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Sitdown Sunday: How the Love is Blind cast felt about the show

Settle back in a comfy chair and sit back with some of the week’s best longreads.

Image: Twitter

IT’S A DAY of rest, and you may be in the mood for a quiet corner and a comfy chair.

We’ve hand-picked the week’s best reads for you to savour.

1. Capturing deaf-blind life

Doug Roland helped a man who is deaf-blind cross the road in New York at 4am one day. The experience inspired him to write a film about a deaf-blind man trying to navigate his way through the city.

(New York Times, approx 8 mins reading time)

“It was the first time I’d met a deaf-blind person and he just took my arm and trusted me, a total stranger on a New York street, to direct him,” recalled Mr. Roland, who instinctively used his finger to trace his end of the conversation on the man’s palm, with the man responding on notebook paper. “There was a gift in every one of those exchanges,” Mr. Roland recalled. “In that chance encounter, there was an instant connection with someone from a community I knew nothing about.”

2. They killed their abusive father

The killing of abusive father Mikhael Khachaturyan by his three teenage daughters led to a backlash from the patriarchy in Russia.

(The Guardian, approx 25 mins reading time)

Others – including their mother, Khachaturyan’s estranged wife – came to the sisters’ defence, refusing to accept that such an egregious motive could be behind their actions. As lawyers and investigators began piecing together the Khachaturyan family story, it became clear this was not a cold-blooded murder. Over hundreds of pages of court documents and transcripts of witness testimony, a picture emerges, which Mikhail Khachaturyan’s sisters contest, of a household terrorised by his paranoiac despotism – of routine sexual abuse, beatings, humiliation and death threats.

3. Love is Blind

The show we all love to hate… and how its participants felt about it.

(The Guardian, 5 mins reading time)

Powers says he doesn’t regret anything, and he has forgiven her harsh words about his sexual prowess in an argument that went viral (“You know how you tell me that this is the best sex of your life?” she tells him in the clip. “Have you noticed that I don’t return the compliment?”) “It definitely hurt,” he says. “I think I’ve watched it about five or six times to come to terms with it. I wish she could have said it to me off camera. But I could see that I wasn’t being as passionate as I could be.”

4. Safer sex scenes

Meet the intimacy coordinators who make Hollywood’s sex scenes safer.

(BBC, approx 10 mins reading time)

“We have stunt coordinators, choreograph fight scenes and really take care of people when physical violence is involved,” says Alicia Rodis, who first trained as a fight choreographer. “But then when it comes to intimacy and nudity, which is another high-risk situation, there was no consideration at all. It is shocking.”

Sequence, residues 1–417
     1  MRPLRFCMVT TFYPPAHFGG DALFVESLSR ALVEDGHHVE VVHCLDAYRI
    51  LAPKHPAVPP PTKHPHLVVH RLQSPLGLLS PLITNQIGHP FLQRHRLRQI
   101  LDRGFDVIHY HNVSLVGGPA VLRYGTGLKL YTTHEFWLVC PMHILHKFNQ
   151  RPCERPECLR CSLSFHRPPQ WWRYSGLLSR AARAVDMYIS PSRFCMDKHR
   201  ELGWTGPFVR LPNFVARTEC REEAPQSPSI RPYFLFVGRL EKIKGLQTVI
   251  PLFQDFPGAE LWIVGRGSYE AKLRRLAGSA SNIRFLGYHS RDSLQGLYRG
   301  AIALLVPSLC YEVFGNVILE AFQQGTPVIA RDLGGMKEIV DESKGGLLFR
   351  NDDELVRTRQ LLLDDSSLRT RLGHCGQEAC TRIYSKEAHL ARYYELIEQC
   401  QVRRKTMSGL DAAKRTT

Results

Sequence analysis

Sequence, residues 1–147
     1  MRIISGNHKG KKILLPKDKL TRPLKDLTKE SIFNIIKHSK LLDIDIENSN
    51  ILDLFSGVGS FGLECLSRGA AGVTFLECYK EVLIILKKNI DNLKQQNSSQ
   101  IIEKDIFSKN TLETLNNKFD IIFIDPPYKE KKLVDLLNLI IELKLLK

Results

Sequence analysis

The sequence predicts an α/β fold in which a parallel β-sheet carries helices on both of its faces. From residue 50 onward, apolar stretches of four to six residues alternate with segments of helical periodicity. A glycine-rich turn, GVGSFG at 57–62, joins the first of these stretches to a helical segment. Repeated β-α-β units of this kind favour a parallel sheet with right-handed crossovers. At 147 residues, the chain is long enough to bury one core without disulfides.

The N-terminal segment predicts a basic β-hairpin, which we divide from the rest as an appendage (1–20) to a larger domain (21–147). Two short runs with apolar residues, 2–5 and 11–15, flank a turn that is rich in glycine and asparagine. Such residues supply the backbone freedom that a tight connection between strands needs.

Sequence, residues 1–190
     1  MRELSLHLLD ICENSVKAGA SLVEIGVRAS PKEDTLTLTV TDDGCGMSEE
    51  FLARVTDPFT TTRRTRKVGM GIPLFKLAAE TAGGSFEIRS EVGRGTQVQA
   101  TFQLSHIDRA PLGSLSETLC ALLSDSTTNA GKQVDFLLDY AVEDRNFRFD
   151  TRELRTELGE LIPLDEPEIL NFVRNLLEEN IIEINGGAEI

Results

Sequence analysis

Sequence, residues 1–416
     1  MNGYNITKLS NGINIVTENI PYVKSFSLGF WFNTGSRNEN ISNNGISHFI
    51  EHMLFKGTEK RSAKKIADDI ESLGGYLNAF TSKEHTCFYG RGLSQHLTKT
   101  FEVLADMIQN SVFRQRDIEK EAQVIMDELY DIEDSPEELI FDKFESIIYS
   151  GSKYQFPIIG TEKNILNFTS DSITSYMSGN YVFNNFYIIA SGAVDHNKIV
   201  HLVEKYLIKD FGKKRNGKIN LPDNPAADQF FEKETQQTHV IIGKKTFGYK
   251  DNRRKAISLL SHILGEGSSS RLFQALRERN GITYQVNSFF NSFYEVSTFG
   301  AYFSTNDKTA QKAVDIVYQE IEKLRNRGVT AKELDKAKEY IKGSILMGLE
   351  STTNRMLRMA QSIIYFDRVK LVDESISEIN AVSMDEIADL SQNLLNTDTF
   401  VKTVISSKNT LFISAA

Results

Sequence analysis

5. Saving Europe’s ‘secret Amazon’

Never heard of Polesia? It’s being called Europe’s ‘secret Amazon’ and the race is on to save it.

(The Guardian, approx 14 mins reading time)

However, unlike its Brazilian cousin, this region is not best-known for its wildlife but something more sinister. In April 1986 this forgotten part of the Soviet Union made headlines after reactor 4 of the Chernobyl power plant blew up. The explosion cast a long shadow over Belarus, which absorbed 70% of the escaped radiation, making it one of the most contaminated places on Earth. Now another catastrophe could be about to befall its people: the construction of the E40 waterway, a 2,000km (1,240-mile) inland shipping route linking the Black Sea and the Baltic that would slice through the wilderness and involve dredging inside the Chernobyl exclusion zone.

6. Making foods crispy

There’s an entire industry dedicated to making foods crispy. We salute their work. 

(Bon Appetit, approx 16 mins reading time)

To assess crispiness, which Szczesniak categorized as “brittleness,” you had to measure the force a bite needs to break a food. Her team used human panels to test texture, but she also invented a few machines, including the Texturometer, a mechanical mouth (with blades, not teeth, I know) that spits out readings on crispiness and other traits. Today Frito-Lay and its competitors have their own versions of the Texturometer to measure products’ crispiness.


This 2018 piece is about how you can rent a family in Japan.

(The New Yorker, approx 43 mins reading time)

Nishida contacted Family Romance and placed an order for a wife and a daughter to join him for dinner. On the order form, he noted his daughter’s age, and his wife’s physique: five feet tall and a little plump. The cost was forty thousand yen, about three hundred and seventy dollars. The first meeting took place at a café. The rental daughter was more fashionable than Nishida’s real daughter—he used the English word “sharp”—but the wife immediately impressed him as “an ordinary, generic middle-aged woman.” He added, “Unlike, for example, Ms. Matsumoto”—he nodded toward my interpreter, Chie Matsumoto—“who might look like a career woman.” Chie, a journalist, teacher, and activist, who has spiky salt-and-pepper hair and wears plastic-framed glasses, laughed as she translated this qualification.

More: The best reads from every previous Sitdown Sunday>

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